Despite my active interest in the current political situation in this country, I confess I haven’t watched any of the Democratic debates until last night. Maybe it was the crowded field, but I always thought I’d wait and read the pundits’ summaries. Oh my, did I learn a lesson last night.
A good friend came in from Granbury to watch the debate. She’s such a good friend, she brought dinner from Eatzi’s—a delicious chicken pot pie, marinated tomatoes, and a thing of black olives. (Yes, she looked at me and said, “Oops, I remember. You don’t eat them, do you?”)
Mary came, Jordan was here, and the four of us had a lively happy hour but when it came time for the debate, it was just Linda and me. I realized how serious she was about this when she began to fuss about 7:45. I had the TV on Channel 5, and Linda thought the pre-debate commentary should have begun. So I flipped channels but found nothing. “Do we have the wrong night?” she asked in horror, and I assured her we didn’t. She kept telling me she watched CNN and they would have pundits on well in advance. So I finally called Jordan and asked how to find CNN—I am rather in a rut as you can tell. NBC or nothing, because I’m not a big TV watcher.
The debate had just begun when we finally found it and settled down to watch. Both being strong and convinced liberals or progressives or whatever you want to call us, we hung on every word. I, who had thought I would get bored and lost in the diatribes, was mesmerized by each of the speakers but particularly focused on Biden, Warren, and Sanders. When one of them said something we thought really important, we gave each other a thumbs up. But at the halfway point, Linda, with a long drive ahead, left. By then I was hooked, and I watched every minute.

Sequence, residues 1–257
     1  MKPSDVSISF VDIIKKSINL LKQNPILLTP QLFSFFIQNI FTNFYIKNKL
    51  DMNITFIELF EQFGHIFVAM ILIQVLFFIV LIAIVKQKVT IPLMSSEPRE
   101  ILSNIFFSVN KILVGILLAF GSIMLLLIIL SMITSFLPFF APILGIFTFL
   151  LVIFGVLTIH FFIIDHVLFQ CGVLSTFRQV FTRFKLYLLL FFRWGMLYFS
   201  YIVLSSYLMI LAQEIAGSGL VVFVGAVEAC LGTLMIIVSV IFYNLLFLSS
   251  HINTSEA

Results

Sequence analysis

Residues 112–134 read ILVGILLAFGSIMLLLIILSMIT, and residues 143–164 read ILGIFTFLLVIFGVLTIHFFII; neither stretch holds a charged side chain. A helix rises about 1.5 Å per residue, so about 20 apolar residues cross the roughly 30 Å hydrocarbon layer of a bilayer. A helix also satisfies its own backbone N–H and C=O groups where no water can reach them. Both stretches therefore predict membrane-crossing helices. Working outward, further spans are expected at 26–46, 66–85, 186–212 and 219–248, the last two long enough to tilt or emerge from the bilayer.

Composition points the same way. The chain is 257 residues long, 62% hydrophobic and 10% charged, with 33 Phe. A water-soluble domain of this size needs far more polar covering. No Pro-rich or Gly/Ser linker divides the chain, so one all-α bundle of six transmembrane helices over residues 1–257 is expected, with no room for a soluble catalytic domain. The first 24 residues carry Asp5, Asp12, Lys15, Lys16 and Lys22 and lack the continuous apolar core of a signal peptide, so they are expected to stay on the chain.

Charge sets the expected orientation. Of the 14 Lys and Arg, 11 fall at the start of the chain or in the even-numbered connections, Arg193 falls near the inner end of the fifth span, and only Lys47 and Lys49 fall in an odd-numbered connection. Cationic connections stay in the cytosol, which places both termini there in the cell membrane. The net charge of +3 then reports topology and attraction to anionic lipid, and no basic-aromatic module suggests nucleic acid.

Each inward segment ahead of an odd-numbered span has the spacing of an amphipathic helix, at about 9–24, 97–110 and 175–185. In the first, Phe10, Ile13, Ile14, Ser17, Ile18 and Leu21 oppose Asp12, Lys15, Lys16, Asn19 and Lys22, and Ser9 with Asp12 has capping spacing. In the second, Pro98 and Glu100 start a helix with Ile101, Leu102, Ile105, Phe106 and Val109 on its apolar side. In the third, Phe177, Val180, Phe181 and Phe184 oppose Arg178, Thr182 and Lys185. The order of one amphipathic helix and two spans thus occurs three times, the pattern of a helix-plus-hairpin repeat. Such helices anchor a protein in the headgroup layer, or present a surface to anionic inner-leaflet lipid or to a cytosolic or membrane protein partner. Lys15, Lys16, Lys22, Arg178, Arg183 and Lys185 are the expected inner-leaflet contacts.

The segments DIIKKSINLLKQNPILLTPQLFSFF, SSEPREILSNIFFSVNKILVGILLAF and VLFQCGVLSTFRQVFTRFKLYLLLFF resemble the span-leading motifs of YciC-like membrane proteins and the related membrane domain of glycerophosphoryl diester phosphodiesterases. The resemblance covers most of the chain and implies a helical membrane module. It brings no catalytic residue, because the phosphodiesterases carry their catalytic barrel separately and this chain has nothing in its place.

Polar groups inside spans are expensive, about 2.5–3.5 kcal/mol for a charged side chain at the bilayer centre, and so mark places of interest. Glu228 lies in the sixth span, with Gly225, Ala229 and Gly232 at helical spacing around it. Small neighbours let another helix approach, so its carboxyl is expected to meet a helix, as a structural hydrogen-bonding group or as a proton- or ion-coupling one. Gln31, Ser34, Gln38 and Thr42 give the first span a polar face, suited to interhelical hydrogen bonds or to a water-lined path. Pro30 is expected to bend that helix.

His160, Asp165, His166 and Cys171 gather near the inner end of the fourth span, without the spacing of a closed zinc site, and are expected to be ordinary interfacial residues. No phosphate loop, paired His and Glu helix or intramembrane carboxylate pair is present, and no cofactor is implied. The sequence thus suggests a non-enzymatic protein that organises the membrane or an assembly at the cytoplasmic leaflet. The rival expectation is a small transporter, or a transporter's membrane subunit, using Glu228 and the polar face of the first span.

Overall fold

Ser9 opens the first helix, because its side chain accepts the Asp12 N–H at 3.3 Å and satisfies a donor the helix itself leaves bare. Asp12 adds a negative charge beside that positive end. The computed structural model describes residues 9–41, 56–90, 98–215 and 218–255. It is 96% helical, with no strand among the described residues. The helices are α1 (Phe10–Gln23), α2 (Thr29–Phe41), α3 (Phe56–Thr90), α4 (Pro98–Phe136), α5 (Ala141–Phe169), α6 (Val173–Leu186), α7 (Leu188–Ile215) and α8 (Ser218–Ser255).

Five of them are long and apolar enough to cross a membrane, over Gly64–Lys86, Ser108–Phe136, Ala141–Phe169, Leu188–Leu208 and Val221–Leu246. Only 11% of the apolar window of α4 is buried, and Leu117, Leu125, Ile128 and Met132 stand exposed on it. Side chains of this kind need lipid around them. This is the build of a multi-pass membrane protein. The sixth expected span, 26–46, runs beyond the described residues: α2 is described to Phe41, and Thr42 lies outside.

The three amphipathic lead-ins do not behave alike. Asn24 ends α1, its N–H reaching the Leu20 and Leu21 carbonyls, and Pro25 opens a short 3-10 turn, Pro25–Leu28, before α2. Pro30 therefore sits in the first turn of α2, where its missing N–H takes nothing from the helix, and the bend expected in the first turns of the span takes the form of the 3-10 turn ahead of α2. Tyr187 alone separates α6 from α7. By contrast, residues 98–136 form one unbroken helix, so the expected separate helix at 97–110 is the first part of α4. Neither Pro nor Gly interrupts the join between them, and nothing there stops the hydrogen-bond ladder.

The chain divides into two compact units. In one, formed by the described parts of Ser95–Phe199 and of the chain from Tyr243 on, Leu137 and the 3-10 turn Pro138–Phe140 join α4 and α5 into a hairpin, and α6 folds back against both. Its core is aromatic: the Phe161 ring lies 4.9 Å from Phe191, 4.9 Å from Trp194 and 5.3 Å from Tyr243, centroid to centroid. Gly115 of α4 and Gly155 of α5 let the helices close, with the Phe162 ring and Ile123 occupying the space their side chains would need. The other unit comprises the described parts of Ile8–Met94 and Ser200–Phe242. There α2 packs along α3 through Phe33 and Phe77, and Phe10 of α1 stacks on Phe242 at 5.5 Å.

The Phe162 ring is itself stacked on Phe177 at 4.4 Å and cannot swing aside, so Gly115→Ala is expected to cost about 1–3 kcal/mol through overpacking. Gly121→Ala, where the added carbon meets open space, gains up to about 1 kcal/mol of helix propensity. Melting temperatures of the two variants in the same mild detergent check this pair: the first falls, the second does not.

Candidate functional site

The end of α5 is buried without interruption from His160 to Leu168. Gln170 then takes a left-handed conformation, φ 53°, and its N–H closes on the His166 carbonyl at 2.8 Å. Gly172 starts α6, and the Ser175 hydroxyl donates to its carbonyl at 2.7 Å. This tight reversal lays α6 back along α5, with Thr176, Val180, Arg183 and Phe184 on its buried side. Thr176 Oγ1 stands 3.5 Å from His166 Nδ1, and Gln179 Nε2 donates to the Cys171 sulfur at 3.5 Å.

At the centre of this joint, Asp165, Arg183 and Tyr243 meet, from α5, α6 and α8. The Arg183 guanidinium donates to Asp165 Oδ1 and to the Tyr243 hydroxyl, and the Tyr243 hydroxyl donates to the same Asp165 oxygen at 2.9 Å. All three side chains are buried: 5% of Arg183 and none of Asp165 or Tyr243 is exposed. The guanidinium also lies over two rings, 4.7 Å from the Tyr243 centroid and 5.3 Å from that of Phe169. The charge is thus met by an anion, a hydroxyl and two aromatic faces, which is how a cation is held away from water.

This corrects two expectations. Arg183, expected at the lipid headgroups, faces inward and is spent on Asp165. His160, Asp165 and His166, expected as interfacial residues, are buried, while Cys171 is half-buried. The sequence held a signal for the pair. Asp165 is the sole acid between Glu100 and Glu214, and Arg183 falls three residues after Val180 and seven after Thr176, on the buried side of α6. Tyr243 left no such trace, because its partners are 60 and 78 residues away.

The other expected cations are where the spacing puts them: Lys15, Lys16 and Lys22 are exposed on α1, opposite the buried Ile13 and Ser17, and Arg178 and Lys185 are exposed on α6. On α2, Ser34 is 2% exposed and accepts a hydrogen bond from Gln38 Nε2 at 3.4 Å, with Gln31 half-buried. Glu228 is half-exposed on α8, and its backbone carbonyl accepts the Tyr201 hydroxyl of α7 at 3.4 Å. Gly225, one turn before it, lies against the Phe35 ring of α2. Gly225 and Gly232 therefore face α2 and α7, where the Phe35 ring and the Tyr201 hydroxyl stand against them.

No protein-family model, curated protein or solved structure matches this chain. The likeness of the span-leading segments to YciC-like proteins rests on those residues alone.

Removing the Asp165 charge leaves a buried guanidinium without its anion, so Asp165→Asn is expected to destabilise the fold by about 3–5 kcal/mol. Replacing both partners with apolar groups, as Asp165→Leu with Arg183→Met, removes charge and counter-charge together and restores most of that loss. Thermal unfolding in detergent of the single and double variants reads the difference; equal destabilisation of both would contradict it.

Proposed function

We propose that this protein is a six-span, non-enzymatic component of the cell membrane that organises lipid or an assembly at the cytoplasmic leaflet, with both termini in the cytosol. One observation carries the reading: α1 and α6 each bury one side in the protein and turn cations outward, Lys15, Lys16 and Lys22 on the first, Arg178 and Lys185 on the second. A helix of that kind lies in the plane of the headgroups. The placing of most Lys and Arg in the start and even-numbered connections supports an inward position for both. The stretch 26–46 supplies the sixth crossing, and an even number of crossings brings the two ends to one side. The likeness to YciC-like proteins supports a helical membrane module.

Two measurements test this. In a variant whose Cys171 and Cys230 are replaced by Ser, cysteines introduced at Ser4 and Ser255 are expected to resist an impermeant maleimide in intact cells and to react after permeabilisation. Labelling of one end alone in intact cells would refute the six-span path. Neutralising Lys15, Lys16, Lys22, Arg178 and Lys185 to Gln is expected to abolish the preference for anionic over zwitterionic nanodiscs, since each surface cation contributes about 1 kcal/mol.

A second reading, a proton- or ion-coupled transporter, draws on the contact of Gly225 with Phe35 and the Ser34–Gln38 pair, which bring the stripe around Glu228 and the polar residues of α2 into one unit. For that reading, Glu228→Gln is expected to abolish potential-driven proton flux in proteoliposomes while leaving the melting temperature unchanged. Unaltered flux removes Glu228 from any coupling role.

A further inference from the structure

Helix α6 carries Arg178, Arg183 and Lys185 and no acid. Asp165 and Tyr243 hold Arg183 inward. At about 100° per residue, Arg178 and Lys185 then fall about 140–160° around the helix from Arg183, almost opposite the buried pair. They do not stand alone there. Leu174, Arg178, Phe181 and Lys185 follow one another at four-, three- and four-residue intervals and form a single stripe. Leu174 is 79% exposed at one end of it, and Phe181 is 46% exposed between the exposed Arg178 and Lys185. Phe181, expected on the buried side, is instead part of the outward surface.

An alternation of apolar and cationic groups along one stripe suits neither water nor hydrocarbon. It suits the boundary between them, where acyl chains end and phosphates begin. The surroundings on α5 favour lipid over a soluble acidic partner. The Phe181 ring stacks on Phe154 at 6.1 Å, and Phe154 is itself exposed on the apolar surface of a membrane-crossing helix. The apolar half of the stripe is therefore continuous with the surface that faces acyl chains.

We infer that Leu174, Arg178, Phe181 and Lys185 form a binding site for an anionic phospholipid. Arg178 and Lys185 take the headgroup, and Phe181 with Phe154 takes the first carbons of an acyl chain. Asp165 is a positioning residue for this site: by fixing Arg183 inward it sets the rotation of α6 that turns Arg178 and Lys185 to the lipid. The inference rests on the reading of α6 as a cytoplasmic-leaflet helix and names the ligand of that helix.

A couple of things struck me: one was that they didn’t snipe at each other, a development that I was glad to see. Yes, there was that moment between Warren and Sanders and the underlying tension between them, but generally they were collegial. And all six emphasized that it is crucial for the United States to rebuild its alliances with foreign powers. The day of nationalism passed decades ago, and we cannot go it alone in the modern world. We need allies. Mr. trump has destroyed our alliances, alienated our allies. And, finally, especially from Sanders but from all, I heard the real and necessary concern for the environment and the climate. I can’t tell you how ballistic I go when people ignore or deny climate change.
My favorite line: When asked about facing trump in a debate, Joe Biden said, “I’ve been the object of his affection for a while now. I think I’ve taken all the hits he has.”
I thought the candidates were energized with fire last night. Shows you what a judge I am when some called the debate boring. But, yes, I came away with two favorites. No, I’m not telling who. But I am still optimistic.
Tonight, I’m home alone, just me and my Holter monitor that is checking the activity of my heart. I had always thought it was a halter monitor and had a picture in my mind of something you wore like a halter. Not so. It was invented by a biophysicist named Holter. And to my surprise today, when I was fitted with it, you need a pocket to put the monitor in. It’s attached to leads on your chest, much like when you have an electrocardiogram.
So my big panic was what can I wear that has pockets? I usually spend my days at home in a T-shirt and leggings—no pockets. Fortunately, the tunic I wore to the doctor’s office had a pocket, but I came home, rummaged around, and found the one pair of pjs I have with pockets. So by four-thirty, I was in pjs, and I intend to stay that way until I can take the thing off at three tomorrow afternoon. I declined to go to supper, with wires sticking noticeably out of my clothes, but Betty, my usual Wednesday night dinner pal, came for wine. And then I ate the rest of Linda’s pot pie.
So don’t expect to see me out and about tomorrow. What a great way to make me put my nose to the grindstone and stick to business.